My son is becoming a little more human every day. That is not to say that he previously hasn’t been fully human, but that he is understanding what it means to be a human amongst other humans. Two examples will help me illustrate this point.
1. On Sunday afternoon, after shopping for some groceries at a store in Payson, AZ, my son decided that he needed to use the restroom. I took him back into the store and headed to the restroom. Once inside, we discovered some sort of human horrors had happened in this restroom. The first stall was a stutter step from over-flowing, and, in the second stall, we discovered that the toilet seat was literally caked with human feces. It was so utterly disgusting. I asked him if he could use the urinal (i.e. pee standing up) and he said he could not. So, we left the restroom and retrieved Grandma, to take him to the women’s restroom instead. When we were exiting the men’s restroom, someone else walked in. Obi exclaimed, “That girl is fat!” and laughed to himself.
Teaching moment: How do I respond to Obi’s realization that someone is fat? When did he learn the difference between fat and not-fat? Who taught him this, and what does it mean that he is starting to see difference?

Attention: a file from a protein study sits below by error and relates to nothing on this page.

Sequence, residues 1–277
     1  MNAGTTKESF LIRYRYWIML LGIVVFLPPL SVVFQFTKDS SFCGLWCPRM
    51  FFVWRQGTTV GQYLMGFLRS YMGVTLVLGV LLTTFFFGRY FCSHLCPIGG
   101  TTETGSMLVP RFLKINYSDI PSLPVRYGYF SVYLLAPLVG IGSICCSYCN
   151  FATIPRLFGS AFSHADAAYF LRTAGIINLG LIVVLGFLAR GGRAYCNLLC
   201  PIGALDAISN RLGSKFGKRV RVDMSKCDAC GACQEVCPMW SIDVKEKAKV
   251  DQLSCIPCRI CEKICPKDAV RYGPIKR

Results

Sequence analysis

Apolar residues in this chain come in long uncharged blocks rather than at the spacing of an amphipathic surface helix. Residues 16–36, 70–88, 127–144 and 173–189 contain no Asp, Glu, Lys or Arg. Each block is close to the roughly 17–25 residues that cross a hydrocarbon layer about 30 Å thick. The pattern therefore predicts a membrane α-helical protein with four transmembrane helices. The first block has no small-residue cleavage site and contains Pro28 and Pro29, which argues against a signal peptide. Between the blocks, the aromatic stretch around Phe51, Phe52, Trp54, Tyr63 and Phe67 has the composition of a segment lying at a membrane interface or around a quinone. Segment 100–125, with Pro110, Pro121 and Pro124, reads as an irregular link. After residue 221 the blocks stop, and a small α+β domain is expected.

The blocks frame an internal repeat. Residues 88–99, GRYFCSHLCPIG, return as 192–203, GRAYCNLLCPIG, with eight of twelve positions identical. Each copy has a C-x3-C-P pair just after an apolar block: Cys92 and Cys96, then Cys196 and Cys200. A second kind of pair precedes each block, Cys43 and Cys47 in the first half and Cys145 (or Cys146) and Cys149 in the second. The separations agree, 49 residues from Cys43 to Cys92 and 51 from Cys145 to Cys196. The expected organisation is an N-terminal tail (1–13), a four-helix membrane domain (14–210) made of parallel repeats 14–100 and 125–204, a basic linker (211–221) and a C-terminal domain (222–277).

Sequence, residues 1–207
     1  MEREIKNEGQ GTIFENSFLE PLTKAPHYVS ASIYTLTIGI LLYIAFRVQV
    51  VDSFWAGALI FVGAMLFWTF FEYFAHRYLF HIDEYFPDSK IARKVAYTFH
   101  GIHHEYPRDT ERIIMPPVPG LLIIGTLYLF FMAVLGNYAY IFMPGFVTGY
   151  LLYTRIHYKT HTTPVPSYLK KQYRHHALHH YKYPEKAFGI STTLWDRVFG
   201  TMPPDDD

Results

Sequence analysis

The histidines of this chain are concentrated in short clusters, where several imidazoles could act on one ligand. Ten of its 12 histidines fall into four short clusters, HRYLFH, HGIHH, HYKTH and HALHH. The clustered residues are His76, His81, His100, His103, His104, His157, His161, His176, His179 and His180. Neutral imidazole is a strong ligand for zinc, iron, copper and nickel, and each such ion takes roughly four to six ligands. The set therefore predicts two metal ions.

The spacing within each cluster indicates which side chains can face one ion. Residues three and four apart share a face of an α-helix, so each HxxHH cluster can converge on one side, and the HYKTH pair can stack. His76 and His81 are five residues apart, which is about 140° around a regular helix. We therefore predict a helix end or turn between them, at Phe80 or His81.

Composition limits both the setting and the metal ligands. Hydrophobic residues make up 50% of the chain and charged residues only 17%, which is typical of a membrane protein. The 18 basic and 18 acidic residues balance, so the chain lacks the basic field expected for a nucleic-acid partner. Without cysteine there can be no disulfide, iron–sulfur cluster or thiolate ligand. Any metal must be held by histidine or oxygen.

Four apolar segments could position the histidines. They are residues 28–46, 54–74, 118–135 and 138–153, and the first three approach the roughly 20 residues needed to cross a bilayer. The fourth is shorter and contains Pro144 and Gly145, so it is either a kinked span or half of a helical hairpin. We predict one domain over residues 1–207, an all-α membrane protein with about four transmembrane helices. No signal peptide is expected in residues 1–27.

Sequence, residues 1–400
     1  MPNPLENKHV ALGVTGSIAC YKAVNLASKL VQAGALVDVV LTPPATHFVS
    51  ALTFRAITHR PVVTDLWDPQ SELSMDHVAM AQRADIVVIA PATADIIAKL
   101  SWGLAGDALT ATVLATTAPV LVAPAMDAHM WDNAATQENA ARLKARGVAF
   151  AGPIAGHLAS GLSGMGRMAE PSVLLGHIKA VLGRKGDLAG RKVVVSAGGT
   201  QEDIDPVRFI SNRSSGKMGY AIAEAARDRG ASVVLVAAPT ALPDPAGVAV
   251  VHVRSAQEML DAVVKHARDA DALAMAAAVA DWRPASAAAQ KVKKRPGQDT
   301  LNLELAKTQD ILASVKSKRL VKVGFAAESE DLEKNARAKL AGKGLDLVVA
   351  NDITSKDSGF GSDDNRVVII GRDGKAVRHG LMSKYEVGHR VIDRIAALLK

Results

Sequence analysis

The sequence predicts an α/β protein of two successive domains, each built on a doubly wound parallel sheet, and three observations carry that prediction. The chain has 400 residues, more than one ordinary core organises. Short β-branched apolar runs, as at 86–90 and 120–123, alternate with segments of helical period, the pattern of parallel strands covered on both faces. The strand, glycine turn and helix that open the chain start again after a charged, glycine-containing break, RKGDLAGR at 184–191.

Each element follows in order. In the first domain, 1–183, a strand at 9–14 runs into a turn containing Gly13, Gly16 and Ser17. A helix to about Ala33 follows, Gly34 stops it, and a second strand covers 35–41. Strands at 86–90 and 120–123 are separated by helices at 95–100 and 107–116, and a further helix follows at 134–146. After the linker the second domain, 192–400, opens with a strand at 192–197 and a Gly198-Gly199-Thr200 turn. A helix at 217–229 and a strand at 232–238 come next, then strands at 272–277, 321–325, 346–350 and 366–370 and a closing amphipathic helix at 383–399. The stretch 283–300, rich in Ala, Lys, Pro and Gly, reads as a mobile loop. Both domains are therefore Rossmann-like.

I told my son that people don’t necessarily want to be fat, and if they are, they know it already. I told him that it is neither nice nor necessary to point out that someone is or is not fat. I know that I missed the opportunity to teach him something about the inherent beauty and image of God within everyone. I wasn’t prepared for my son to notice difference and find humor in it.
2. On the plane this afternoon, as everyone was exiting, I told Obi to stand up and look at all the people who need to exit the plane before us. He stood up on his chair, and noticed something that he found humorous three rows in front of us. He exclaimed, “That guy is bald! That’s so funny!”
Teaching moment: How do I respond to his realization that someone is bald? When did he learn the difference between baldness and hairiness? Who taught him about this difference?
I told him that it simply isn’t nice to notice out loud that someone has no hair. I totally missed this opportunity. How do I teach him that everyone is different and that those differences are great, not funny? I have no idea. I am completely unprepared to help my son along in his process of becoming a human amongst other humans.
So, what is the right response? Research tells us that the way we respond to difference has a direct impact on how our children will respond to differences when they encounter them. I desperately want my son to live in such a way that he doesn’t increase the stigmas that are experienced by all of us every day. I want him to love everyone, to see everyone as uniquely loved and treasured, not only by God, but by him as well.
This is a critical time in his development. Now that I realize this, I have the chance to actually shape him into a person that changes the world, instead of one who increases the pain and stigmas that we all live with every day.